Thursday, February 13th, 2014 by Kevin Springer
Oregon saw the more snow fall this last weekend than it has in the past 4 years combine. Schools were canceled and roads were closed for days. Mother nature though, did not rest. The excess amount of water throughout the Northwest saturated all types of soils making them heavier. Gravity was not our friend in these circumstances and a couple of landslides occurred throughout the state: A more severe case in Lake Oswego and one occurring along highway 84. In both cases nobody was hurt, but the message of soil settlement and its dangers was delivered which is something everyone should be aware of.
In Lake Oswego on Monday February 10th, a landslide occurred in the hills on Meadows Drive. With the help of the Lake Oswego Fire Department, firefighters were able to to evacuate the family from the home safely. The homeowners are staying with neighbors until the situation can be evaluated and the damage assessed. The falling debris is thought to be triggered by overflowing drainage and sewer systems or by a leak in the meter between the house and the street. A "fair amount" of mud and debris had flowed up next the house and into the backyard thankfully no one was injured.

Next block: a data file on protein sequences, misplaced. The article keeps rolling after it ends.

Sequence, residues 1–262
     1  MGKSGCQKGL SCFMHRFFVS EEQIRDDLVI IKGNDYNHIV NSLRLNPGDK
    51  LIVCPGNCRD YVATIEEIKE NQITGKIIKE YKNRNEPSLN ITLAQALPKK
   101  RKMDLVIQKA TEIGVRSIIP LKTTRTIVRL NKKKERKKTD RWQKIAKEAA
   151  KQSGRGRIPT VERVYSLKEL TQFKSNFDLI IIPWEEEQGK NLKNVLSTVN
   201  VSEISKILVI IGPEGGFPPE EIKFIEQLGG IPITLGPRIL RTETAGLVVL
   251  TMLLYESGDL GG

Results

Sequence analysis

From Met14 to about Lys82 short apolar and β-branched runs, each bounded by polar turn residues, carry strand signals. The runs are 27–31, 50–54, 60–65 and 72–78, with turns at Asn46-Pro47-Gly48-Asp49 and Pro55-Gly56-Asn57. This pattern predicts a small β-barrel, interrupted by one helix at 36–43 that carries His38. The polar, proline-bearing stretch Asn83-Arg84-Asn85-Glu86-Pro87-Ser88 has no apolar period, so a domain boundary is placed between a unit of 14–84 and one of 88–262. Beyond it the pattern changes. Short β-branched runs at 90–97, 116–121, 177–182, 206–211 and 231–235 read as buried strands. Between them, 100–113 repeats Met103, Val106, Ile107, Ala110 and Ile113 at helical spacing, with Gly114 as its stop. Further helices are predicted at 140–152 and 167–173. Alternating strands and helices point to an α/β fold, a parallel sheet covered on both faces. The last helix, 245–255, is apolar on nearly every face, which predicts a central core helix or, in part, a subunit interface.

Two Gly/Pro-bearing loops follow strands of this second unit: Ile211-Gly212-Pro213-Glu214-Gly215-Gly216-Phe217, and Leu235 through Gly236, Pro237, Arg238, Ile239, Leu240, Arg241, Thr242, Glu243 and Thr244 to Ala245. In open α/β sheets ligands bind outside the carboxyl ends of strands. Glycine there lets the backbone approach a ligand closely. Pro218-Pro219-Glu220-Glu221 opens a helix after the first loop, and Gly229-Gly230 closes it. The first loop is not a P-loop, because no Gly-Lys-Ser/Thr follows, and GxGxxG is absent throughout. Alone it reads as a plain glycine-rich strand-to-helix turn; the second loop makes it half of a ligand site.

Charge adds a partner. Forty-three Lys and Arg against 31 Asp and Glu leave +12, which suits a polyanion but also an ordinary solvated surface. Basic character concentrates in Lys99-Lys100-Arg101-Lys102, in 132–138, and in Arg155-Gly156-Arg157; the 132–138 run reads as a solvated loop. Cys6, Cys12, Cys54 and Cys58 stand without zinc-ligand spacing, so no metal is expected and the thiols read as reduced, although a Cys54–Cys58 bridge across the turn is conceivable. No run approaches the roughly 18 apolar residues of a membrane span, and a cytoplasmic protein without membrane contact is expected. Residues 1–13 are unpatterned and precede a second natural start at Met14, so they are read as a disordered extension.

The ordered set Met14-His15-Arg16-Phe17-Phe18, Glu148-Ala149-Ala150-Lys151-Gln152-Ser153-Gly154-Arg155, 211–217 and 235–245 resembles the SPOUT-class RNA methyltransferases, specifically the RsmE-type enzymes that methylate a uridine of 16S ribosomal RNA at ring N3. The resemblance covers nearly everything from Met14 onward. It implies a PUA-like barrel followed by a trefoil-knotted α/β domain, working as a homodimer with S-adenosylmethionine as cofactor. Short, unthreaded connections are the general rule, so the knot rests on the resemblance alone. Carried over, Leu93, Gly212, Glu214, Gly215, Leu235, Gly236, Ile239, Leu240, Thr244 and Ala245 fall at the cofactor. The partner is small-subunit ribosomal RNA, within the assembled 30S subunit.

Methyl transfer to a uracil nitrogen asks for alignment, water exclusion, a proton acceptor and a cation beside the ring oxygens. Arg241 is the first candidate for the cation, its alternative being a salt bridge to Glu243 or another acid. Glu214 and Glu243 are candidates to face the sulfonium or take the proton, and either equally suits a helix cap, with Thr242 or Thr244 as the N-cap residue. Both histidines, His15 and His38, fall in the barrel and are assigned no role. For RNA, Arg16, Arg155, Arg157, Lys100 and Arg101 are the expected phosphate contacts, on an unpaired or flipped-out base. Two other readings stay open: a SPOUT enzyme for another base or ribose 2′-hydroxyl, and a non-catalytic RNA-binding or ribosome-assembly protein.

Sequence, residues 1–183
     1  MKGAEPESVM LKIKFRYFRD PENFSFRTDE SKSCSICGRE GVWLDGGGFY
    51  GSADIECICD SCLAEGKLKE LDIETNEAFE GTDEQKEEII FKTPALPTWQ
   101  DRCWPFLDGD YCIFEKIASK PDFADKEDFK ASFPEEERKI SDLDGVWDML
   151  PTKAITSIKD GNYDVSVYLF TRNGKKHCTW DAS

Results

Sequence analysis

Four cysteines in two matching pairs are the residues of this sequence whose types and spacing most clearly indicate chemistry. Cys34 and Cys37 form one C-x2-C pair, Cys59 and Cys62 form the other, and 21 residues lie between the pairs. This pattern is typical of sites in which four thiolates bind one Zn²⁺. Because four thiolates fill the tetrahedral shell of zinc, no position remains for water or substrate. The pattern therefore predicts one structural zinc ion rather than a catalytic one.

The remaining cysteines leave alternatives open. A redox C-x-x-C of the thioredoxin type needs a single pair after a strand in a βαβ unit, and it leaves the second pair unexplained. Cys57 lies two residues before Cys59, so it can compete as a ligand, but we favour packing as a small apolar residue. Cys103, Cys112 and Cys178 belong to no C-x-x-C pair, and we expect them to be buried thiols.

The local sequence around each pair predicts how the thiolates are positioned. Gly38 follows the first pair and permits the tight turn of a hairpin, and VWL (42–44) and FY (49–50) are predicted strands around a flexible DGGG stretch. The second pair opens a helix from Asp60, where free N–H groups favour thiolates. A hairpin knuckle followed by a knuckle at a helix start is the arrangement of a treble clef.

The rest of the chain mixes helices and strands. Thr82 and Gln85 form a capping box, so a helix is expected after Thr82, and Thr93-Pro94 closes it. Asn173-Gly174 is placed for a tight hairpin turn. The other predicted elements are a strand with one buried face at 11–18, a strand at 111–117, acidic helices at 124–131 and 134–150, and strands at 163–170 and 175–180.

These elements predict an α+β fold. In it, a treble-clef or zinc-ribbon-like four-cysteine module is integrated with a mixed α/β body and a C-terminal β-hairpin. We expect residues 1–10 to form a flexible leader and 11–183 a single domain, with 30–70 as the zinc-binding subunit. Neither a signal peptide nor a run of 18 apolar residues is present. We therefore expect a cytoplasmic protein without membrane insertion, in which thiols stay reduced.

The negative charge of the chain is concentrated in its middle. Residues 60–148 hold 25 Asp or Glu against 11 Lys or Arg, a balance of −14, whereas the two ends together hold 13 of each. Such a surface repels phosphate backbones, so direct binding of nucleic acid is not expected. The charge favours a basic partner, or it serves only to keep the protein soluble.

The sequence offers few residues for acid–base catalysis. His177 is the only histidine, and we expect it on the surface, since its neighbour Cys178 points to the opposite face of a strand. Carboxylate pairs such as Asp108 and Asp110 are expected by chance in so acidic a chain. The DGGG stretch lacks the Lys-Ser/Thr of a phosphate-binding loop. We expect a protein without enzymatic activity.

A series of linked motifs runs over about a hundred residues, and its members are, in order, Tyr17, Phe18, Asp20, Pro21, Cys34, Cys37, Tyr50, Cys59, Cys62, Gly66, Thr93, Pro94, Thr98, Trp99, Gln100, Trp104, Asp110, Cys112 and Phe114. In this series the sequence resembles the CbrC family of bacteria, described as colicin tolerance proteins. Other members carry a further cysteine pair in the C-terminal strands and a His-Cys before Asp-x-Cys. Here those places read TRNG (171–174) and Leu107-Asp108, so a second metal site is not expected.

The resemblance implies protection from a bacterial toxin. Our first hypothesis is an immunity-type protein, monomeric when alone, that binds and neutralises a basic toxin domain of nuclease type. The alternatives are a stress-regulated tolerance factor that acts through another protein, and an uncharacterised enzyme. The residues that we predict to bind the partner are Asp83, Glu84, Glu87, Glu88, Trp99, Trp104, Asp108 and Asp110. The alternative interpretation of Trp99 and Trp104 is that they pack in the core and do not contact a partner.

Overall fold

In Hood River along the Columbia river Gorge Highway 84, another landslide occurred Wednesday evening February 13th. Oregon Department of Transportation reports "[We] have a lot of work to do before we can reopen the eastbound lanes of Interstate 84". Nobody was traveling along the Interstate at that time. One man did claim that he ran in to some boulders damaging his car but no damage to himself. Before reopening the roads, state officials say they will first make sure the soils are not continuing to settle and that large boulders still on the hill are stable.
A little water never hurt anyone is something every Oregonian and Washingtonian can relate to; However, extreme amounts of water can result in extreme scenarios. On a more personal level, water in or around your home means settling soils, basement and crawlspace leakage. It is important to take the right precautionary or reactive measures to protect your home and family. Whether you stabilizing your foundation, waterproofing your basement or encapsulation your crawlspace, better safe than sorry.
Follow the link below for more information regarding foundation, basement and crawl space science and health.
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